When she returned to the United States, she explained that she did not understand why there was so much animosity between Jews and Muslims. “They pray like we do,” she said tearfully. “We bleed like they do,” she continued. “Why the hate?”
Some of us may be able to answer Rebecca’s question, but I doubt any of us can provide the response for which she searches. The centuries of discord between people of different faiths have taken their toll, and for the most part, militants do not even know why they must kill – it defies rationality.
No one is innocent. Christians have killed and been killed, Muslims have killed and been killed, Jews have killed and been killed. And, always, there is a cry to the one God, the one true God.
For any of us who believe in a loving Creator, it is difficult to fathom that this Creator could love one child and not another.
Politics can play games with the innocent, and some religious leaders teach hate; but, I deeply believe that the loving God who created each little child embraces one and all.
Recently, my daughter (a mom to two beautiful little boys) sent me a YouTube clip in which Palestinian mothers and Israeli mothers come together to pray for peace. I invite you to watch this video.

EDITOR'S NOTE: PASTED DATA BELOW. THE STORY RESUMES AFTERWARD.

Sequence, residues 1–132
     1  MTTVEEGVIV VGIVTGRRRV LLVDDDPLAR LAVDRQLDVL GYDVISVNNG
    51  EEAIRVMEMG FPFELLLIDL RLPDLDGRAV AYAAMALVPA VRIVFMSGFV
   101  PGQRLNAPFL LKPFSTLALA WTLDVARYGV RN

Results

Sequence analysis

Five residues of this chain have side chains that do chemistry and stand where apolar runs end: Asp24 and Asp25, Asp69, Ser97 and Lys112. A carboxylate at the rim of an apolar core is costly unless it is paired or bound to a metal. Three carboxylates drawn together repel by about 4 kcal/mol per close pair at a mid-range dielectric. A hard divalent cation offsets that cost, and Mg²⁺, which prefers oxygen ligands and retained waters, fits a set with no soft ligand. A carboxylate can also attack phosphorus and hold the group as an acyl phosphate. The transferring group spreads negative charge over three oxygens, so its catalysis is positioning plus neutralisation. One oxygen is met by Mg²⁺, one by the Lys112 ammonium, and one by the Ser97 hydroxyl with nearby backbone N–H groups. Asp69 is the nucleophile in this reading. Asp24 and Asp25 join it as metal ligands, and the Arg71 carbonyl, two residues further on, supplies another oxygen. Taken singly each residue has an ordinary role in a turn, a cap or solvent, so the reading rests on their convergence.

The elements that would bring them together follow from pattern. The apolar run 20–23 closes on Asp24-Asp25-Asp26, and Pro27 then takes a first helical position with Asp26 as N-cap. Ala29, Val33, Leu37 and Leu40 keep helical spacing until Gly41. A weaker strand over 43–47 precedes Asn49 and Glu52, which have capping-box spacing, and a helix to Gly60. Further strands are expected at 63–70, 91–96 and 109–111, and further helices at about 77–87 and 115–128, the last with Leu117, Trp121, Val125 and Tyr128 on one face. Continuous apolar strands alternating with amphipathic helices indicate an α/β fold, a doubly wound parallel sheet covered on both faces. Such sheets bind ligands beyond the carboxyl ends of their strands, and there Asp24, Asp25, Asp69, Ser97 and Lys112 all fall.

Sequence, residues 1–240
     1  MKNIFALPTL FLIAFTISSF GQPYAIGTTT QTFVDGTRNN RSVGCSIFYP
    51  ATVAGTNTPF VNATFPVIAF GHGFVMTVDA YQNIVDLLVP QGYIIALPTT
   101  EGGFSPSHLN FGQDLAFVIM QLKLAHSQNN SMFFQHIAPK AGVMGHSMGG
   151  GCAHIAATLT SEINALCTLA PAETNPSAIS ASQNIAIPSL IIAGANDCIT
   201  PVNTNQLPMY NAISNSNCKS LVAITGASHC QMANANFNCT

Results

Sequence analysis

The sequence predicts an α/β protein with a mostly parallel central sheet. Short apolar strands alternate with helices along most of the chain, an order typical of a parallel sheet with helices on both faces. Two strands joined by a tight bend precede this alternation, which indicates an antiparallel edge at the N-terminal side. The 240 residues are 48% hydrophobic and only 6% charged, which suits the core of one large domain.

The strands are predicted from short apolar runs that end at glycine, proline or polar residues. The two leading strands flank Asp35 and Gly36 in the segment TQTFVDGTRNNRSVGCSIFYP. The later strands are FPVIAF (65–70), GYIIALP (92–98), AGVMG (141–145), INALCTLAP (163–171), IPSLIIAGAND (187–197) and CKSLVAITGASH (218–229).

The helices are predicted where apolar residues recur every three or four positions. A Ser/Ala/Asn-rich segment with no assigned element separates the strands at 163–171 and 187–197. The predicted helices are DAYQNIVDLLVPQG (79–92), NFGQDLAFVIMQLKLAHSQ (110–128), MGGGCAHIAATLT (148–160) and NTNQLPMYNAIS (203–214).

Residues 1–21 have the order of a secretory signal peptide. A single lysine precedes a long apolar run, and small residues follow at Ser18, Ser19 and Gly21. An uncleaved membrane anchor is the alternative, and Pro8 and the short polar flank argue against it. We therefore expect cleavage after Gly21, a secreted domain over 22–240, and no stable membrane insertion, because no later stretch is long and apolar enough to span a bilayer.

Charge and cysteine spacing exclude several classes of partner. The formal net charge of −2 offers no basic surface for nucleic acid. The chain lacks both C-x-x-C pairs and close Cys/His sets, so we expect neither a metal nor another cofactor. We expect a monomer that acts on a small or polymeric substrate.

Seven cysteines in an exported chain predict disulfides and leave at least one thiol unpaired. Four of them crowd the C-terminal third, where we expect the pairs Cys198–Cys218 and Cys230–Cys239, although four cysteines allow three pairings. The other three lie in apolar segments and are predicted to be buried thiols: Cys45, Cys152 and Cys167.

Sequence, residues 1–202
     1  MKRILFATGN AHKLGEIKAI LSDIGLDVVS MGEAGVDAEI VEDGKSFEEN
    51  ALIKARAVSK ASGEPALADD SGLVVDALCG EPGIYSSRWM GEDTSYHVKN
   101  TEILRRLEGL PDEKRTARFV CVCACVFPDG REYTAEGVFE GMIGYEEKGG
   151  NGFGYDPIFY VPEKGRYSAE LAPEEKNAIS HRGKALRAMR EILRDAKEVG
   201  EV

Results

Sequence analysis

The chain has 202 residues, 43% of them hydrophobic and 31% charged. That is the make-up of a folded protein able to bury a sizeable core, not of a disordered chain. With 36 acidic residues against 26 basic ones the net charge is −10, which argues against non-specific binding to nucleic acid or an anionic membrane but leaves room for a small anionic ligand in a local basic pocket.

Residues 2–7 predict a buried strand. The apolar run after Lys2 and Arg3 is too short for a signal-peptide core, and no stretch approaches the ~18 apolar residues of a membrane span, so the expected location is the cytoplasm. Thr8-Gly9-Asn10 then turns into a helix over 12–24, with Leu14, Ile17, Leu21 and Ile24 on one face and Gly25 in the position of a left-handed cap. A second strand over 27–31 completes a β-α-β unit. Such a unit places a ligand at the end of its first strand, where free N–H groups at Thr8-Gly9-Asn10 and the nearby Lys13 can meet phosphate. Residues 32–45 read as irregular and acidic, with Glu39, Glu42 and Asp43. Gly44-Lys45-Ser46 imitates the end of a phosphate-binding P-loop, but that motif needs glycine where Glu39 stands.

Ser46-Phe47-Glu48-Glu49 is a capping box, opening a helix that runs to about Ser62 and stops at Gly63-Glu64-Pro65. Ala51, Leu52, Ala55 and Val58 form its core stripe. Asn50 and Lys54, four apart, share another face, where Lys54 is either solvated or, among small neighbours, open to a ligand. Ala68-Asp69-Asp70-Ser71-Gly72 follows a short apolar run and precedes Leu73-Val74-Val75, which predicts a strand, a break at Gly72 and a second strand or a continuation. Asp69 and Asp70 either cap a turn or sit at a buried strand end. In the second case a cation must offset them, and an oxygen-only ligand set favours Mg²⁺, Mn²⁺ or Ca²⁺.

Maybe our collective hope rests with the mothers of the world, for has anyone known more tears than they?
During this time of religious celebration, this time of gift-giving and heart-sharing, could we claim hope as our ultimate stance in life? Can we envision a world of peace, where all children are loved - the brown skinned and the white, the believers and the non-believers, the weathy and the deprived, the inner-city and the suburban. Who is so hardened that they can love one child and not the other?
To the mothers marching and praying for peace, may your tears bear fruit and your hopes materialize. Peace, paz, satta, maluhia, shalom, santi, satta, udo, siochain, pace....with you I sing.